11 Acorn Lane, Happy Holy Days (Wooden Hat)
Each year it seems there is one left-field entry that makes you go, Whoa! What’s that? Happy Holy Days is that album. 11 Acorn Lane is a Swiss/British duo whose approach ranges from edgy exotica to sophisticated lounge and back again. Fun, fizzy music, with saxophone sections opposite swinging singers, bass clarinet and tuba and accordion, oh my! The stop and start sections make for something off the overly-beaten Christmas path, but you can recognize the tunes, and just like the season, it’s fun!

Celtic Thunder, Christmas (no label)
If you’re expecting something along the lines of Celtic Woman, you’re in for a surprise. Not necessarily a good one, as this disc sounds more like it was American-made than anything from the old country. Actually, it often sounds like contemporary country. The five male singers range from adequate to pretty good, but it sure isn’t Celticy. Not when “Winter Wonderland” sounds like Trace Adkins, or “Let It Snow” brings to mind Rod Stewart’s homages to the Great American songbook.

Straight No Chaser, All I Want for Christmas (Atlantic)
The 10-member a capella group has put together their two previous seasonal CDs with a DVD, all in a bright shiny holiday package. And it’s quite the package. Disc one’s 14 holiday favorites includes everything from “Silent Night” to “Little Saint Nick,” while disc two has another 15 gems, among them “Jingle Bells,” the always-popular “Who Spiked the Eggnog,” and their brilliant rendition of “The 12 Days of Christmas,” incorporating Toto’s “Africa,” which became a YouTube sensation. The DVD is from a concert in New York featuring more secular fare, including their takes on Queen, Stevie Wonder, even the Bee Gees. Oh well. Plus a few holiday treats as well. Enjoy!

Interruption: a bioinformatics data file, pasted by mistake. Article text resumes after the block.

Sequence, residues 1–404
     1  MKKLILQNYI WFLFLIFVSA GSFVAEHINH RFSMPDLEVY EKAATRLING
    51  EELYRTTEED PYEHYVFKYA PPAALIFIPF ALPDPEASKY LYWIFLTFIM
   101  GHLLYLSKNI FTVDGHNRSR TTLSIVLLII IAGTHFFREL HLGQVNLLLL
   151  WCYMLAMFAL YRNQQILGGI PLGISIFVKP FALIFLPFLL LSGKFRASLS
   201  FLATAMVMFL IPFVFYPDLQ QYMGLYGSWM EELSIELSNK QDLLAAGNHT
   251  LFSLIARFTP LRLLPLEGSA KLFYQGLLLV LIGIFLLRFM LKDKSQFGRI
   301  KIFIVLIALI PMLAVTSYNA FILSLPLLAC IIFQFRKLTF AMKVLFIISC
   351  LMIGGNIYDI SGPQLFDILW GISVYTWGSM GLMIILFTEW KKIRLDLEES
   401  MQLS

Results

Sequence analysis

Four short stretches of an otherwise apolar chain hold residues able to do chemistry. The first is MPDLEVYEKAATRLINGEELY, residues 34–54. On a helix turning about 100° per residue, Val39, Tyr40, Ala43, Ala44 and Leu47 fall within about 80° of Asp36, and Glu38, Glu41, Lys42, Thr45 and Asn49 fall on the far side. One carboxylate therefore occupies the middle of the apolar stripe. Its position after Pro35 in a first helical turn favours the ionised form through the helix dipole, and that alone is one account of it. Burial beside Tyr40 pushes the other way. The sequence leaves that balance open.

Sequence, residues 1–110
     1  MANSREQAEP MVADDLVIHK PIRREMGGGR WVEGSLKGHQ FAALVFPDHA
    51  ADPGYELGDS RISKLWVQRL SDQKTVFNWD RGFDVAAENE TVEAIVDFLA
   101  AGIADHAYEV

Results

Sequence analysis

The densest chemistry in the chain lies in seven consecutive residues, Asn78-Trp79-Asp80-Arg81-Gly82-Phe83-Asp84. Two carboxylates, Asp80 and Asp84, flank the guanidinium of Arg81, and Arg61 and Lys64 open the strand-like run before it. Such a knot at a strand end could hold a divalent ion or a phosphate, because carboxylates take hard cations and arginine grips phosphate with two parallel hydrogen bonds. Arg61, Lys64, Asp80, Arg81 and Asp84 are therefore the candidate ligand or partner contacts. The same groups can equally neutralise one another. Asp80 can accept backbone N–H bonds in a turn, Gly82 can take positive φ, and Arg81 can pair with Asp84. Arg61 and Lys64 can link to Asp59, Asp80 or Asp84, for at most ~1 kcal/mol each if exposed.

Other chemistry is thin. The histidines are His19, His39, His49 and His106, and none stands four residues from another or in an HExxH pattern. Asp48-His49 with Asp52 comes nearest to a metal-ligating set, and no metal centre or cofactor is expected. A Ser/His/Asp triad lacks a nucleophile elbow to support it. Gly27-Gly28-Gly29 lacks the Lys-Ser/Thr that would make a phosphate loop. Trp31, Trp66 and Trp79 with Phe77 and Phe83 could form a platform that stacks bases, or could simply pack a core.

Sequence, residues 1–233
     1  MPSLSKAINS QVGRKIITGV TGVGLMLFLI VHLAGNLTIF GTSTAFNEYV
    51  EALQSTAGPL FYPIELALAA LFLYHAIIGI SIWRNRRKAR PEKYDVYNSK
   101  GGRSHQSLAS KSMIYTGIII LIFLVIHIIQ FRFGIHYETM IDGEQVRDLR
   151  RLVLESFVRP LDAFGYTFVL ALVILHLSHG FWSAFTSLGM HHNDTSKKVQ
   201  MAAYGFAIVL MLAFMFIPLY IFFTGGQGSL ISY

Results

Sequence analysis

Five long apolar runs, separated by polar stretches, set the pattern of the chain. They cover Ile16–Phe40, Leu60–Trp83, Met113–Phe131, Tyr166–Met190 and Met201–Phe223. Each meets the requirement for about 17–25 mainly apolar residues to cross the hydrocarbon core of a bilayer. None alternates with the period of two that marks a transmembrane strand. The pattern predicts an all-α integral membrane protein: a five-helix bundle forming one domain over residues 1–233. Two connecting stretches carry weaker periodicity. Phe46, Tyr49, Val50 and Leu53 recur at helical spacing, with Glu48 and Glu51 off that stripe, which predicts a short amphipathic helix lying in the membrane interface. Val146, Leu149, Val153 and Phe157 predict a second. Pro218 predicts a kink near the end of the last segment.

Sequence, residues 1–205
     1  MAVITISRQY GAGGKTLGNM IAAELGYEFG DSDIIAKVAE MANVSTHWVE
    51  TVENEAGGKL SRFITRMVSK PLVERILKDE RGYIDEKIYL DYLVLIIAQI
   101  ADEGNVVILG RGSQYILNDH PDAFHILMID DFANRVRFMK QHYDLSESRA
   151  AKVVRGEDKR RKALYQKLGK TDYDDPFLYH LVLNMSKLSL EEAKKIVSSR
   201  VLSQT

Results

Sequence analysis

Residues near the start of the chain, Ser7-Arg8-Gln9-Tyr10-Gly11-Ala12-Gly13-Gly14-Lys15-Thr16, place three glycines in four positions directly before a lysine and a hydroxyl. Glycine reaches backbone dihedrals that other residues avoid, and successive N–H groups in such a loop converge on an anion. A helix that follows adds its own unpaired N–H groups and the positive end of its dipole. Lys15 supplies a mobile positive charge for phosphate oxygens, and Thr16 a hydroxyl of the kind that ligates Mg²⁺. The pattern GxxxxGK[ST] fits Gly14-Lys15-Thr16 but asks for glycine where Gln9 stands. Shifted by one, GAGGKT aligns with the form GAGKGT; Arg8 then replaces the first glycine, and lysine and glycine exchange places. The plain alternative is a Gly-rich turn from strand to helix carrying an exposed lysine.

Of course, there’s always more. Among the other new holiday releases this year are Glee: The Music – The Christmas Album (Columbia), by the cast of the uber-popular Fox show; Christmas with The Puppini Sisters (Verve), retro-Andrews Sisters stylings; Pink Martini’s Joy to the World (Heinz), exotic mini-big band stylings with vocals; Annie Lennox’s A Christmas Cornucopia (Decca) a madrigal/electronica/baroque extravaganza; and The Gift by Susan Boyle (Syco), who does a more than respectable job on holiday favorites, her gaffe on The Viewnotwithstanding.

  • Currently 3.5/5 Stars.